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Research Article

Role of Biological Control on Some Physiological Aspects of Zea mays Infected by Rhizoctonia solani

Faten A. El-Daly and Nahed Haikal
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The results revealed that treatment with either Trichoderma harzianum or Bacillus subtilis by soil inoculation or grain coating significantly increased the percentage of healthy seedlings as well as the length, fresh and dry weight of seedlings. Photosynthetic pigments content of the leaves significantly increased in absence of Rhizoctonia solani alone. The same almost applied to soluble sugar content, amino acid content or total nitrogen of the seedlings, though less apparent or insignificant when the grains were treated with B. subtilis before growing in soil treated with 3% R. solani. R. solani lowered the test elemental content of Zea mays seedlings, while the reverse was most prominent by sowing the grains in soil amended with R. solani and T. harzianum. The results also revealed that infestation by Rhizoctonia solani significantly lowered the length of the ears and weight of 100 grains. In the mean time the weight of 100 grains significantly dropped; a response that was hardly, if at all affected by implying R. solani with Bacillus subtilis or T. harzianum. The presence of the three microorganisms increased the fresh weight of the ears but the total count or weight of the grains was lowered. The presence of R. solani in soil lowered the lipid, total carbohydrates and protein content of corn flour. Meanwhile using the biological control agents T. harzianum or B. subtilis or both initiated the increase of these components.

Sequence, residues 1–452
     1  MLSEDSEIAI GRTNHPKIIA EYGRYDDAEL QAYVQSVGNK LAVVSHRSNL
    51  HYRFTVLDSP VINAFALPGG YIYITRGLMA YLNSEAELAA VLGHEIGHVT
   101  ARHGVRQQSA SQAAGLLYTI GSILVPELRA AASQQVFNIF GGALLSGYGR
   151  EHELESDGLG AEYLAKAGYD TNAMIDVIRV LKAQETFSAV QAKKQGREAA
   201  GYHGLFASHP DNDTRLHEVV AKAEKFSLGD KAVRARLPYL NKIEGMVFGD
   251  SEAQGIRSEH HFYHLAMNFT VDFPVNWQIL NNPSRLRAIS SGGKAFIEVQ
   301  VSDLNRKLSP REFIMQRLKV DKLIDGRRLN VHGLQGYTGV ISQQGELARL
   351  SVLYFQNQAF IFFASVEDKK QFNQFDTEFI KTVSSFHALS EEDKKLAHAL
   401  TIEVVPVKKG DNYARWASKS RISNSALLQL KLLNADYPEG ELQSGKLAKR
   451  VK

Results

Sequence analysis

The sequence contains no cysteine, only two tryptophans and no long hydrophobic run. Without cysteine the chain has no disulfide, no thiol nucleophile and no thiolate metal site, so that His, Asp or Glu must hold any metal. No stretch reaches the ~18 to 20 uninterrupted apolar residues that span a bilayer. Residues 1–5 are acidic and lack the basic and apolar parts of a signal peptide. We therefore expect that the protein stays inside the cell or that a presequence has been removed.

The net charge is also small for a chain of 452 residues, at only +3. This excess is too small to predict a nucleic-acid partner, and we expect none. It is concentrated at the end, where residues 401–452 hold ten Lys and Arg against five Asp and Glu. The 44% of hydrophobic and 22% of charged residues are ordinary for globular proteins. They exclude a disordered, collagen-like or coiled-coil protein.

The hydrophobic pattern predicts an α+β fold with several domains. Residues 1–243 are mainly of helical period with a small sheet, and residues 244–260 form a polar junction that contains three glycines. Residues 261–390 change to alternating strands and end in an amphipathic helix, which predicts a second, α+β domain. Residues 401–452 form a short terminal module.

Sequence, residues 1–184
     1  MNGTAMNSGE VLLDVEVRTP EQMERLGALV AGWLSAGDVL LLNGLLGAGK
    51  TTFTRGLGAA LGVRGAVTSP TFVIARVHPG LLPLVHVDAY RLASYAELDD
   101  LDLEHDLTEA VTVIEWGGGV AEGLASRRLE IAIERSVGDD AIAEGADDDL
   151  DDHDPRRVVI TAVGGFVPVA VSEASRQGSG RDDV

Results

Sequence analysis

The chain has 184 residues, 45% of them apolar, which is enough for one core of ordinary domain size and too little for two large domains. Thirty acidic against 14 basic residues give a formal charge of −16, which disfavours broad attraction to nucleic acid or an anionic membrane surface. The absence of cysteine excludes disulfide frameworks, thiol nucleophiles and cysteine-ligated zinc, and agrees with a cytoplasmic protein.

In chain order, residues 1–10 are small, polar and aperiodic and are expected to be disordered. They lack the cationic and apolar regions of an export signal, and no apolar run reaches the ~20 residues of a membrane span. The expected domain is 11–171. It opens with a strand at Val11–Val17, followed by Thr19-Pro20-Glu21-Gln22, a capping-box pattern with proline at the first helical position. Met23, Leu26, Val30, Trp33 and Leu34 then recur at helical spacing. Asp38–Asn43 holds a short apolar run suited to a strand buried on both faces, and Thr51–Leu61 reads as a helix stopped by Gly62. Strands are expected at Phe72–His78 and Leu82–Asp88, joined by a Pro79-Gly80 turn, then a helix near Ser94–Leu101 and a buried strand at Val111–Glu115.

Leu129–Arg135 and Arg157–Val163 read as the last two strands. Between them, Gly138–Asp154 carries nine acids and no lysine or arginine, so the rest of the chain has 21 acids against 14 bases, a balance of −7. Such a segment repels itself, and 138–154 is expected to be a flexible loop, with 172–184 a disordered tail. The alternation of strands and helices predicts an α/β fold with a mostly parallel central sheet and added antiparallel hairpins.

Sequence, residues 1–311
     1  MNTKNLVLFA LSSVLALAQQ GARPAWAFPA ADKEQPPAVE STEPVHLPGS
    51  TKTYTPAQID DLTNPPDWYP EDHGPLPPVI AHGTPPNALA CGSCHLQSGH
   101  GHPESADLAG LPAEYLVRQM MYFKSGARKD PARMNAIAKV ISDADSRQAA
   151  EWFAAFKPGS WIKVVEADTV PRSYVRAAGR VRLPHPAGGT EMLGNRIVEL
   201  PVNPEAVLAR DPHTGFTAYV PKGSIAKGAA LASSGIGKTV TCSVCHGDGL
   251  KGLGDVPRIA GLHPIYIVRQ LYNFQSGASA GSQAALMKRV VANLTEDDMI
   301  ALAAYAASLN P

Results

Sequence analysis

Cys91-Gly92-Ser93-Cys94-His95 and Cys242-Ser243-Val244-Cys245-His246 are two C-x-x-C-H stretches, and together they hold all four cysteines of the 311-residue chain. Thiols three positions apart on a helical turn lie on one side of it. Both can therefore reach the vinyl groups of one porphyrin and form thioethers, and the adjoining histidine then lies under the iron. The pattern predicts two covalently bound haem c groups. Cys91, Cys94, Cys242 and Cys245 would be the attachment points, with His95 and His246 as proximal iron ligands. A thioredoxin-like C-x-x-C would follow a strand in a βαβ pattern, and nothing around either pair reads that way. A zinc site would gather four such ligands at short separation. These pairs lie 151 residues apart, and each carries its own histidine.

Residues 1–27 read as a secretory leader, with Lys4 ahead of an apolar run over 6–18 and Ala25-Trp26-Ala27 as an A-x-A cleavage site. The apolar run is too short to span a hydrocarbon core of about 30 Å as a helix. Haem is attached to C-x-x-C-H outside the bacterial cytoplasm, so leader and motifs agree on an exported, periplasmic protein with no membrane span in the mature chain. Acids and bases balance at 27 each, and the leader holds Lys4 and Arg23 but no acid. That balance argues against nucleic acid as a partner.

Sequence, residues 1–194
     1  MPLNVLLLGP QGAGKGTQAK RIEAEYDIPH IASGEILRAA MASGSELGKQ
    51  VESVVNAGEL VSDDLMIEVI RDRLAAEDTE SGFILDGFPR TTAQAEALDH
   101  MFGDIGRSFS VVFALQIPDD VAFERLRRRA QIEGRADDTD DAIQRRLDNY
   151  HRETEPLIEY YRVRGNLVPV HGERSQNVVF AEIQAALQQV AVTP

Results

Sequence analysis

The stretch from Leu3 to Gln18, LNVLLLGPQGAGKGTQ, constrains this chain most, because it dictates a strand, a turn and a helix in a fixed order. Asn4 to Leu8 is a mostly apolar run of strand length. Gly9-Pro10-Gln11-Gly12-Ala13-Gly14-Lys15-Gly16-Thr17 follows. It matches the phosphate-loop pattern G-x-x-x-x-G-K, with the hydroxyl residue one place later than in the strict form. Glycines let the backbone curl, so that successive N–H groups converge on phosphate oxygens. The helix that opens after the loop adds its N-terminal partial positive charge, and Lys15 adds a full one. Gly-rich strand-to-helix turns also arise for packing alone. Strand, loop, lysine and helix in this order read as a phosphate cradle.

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  How to cite this article:

Faten A. El-Daly and Nahed Haikal , 2006. Role of Biological Control on Some Physiological Aspects of Zea mays Infected by Rhizoctonia solani. Journal of Applied Sciences, 6: 2794-2798.

DOI: 10.3923/jas.2006.2794.2798



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